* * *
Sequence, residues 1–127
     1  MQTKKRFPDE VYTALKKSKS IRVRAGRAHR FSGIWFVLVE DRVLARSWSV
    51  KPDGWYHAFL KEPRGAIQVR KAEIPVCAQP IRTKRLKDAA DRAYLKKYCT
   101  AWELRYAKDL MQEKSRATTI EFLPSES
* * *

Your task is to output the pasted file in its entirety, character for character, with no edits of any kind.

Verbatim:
Sequence, residues 1–127
     1  MQTKKRFPDE VYTALKKSKS IRVRAGRAHR FSGIWFVLVE DRVLARSWSV
    51  KPDGWYHAFL KEPRGAIQVR KAEIPVCAQP IRTKRLKDAA DRAYLKKYCT
   101  AWELRYAKDL MQEKSRATTI EFLPSES